by 7" high, by 6" wide
known as the Trumpeter Swan, this species is the largest swan
in the world. It is white with a long neck it stretches straight
out in front while in flight.
birds arrive in Alberta in April and move north as the lakes
and sloughs open in the spring. Fall migration starts at freeze-up
in October or November. They fly south only as far as they need
to find an area of shallow lakes and streams with food and open
plants and insects, snails. Adults eat up to 9 kg each per day.
Their long necks and powerful bills allow them to reach down
and pull up roots and stems other birds can't reach.
swans usually mate for life. Their big, bulky nests are mounds
of reeds, rushes, roots and grasses lined with fresh swan's down.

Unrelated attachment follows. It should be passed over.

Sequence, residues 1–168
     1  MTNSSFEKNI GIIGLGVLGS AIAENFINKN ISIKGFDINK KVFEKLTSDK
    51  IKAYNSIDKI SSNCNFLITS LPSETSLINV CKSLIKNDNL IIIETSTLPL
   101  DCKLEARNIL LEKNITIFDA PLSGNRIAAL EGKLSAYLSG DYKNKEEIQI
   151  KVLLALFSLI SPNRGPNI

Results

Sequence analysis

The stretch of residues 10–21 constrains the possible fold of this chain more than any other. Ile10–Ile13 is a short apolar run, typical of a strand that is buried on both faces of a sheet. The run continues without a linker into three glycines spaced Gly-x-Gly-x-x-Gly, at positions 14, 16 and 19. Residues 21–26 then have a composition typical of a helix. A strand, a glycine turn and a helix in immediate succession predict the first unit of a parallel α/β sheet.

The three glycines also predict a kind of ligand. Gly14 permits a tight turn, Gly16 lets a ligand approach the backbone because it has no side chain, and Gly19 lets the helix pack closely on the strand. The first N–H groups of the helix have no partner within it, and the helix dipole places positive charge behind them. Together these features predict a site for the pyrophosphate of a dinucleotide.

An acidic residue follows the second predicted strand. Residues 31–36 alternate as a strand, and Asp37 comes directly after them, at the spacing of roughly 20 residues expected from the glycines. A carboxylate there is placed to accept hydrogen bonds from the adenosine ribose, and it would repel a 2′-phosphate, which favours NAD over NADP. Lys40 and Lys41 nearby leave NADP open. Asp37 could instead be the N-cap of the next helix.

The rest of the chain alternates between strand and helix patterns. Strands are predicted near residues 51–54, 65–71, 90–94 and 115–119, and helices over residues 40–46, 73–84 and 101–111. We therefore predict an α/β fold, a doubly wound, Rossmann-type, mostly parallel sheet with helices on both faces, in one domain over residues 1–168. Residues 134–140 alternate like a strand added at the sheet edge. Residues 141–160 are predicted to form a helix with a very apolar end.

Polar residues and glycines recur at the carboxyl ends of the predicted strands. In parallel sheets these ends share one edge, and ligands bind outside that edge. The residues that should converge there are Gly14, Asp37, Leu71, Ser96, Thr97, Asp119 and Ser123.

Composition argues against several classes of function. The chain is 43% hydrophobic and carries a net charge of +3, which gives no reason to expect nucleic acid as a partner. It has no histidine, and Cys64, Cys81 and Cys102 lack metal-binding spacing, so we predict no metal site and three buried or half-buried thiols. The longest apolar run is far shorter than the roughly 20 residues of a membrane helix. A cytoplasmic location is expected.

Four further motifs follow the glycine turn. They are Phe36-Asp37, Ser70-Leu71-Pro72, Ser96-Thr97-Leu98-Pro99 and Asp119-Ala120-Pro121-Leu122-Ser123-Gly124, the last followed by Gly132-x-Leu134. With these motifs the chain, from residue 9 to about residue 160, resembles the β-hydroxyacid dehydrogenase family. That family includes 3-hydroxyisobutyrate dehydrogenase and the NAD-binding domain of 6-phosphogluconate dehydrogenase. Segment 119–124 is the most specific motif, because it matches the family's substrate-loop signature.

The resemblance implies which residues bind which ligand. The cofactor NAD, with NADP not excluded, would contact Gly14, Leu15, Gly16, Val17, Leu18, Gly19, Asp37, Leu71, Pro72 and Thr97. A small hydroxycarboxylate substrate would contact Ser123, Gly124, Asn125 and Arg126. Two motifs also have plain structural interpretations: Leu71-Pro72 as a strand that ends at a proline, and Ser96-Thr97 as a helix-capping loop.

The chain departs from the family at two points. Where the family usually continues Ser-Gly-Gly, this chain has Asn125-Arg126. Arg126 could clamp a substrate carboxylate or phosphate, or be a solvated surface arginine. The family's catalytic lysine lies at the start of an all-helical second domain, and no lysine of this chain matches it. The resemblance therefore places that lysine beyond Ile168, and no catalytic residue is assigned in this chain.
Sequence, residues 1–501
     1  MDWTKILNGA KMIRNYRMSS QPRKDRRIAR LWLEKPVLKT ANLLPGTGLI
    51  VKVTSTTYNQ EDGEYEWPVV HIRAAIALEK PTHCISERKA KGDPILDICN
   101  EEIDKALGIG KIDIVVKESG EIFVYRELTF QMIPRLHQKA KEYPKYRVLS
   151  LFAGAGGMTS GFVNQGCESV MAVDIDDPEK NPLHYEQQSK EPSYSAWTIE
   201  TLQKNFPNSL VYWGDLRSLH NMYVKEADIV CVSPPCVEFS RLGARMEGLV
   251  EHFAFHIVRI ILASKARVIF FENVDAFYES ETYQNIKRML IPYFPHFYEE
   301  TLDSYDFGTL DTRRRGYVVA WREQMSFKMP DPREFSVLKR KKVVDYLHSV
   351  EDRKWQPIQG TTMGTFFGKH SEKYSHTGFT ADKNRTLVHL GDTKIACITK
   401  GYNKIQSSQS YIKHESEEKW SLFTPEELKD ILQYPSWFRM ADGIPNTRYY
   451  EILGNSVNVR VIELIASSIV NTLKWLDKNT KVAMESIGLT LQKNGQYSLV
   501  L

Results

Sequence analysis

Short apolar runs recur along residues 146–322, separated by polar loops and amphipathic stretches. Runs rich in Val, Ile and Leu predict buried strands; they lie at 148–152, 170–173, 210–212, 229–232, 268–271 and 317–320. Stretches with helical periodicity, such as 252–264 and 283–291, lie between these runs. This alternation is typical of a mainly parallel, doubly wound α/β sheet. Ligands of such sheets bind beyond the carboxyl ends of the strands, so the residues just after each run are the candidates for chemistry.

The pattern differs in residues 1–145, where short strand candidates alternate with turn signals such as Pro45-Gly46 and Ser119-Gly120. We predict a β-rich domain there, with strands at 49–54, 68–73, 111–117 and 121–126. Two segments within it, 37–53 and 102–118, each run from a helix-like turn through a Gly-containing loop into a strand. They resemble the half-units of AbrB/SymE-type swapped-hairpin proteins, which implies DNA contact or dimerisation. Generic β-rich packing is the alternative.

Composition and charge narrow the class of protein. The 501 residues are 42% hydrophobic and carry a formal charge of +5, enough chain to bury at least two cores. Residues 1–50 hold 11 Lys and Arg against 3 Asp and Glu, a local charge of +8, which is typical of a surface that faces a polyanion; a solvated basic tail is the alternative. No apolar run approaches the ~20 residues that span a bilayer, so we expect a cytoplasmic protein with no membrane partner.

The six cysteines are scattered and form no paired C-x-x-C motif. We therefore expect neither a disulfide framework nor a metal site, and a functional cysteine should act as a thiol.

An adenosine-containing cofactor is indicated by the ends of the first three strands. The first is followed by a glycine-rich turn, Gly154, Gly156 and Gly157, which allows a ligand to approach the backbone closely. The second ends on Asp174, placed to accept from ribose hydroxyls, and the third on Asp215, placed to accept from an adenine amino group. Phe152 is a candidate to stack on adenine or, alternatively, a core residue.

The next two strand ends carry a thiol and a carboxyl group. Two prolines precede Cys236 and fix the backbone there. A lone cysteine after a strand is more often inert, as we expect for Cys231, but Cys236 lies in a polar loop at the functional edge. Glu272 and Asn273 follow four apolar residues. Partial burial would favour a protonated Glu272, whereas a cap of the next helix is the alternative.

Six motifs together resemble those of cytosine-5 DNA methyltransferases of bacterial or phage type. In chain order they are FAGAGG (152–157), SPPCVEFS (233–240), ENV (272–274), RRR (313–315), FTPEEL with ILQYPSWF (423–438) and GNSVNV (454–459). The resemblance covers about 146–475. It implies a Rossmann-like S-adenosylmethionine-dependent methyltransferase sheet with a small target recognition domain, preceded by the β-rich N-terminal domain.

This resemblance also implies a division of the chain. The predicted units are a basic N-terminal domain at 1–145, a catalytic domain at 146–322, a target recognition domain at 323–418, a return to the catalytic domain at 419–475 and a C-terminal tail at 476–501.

They're often built on top of beaver lodges, muskrat houses or
mid-May, the female lays five or six eggs which she incubates
until they hatch about 32 days later. The cygnets stay in the
nest only about 24 hours until they can keep themselves warm.
They have very little food reserve and must quickly start feeding.
swans are flightless for about a month when they moult in the
summer. As a result, male and female trumpeters moult at different
times so one adult in a breeding pair will be able to fly while
the other stays with the cygnets.
to 35 years in captivity, 12 years in the wild.
trumpeter swans in North America are a conservation success story.
Their outlook is bright. Biologists in the U.S. are trying to
relocate wintering birds from the Snake River to other suitable
habitats in Wyoming, Utah and southern Idaho. Since 1987, Canadian
biologists have attempted with some success to re-introduce trumpeters
to their former breeding area in Elk Island National Park.
swans in Canada are protected.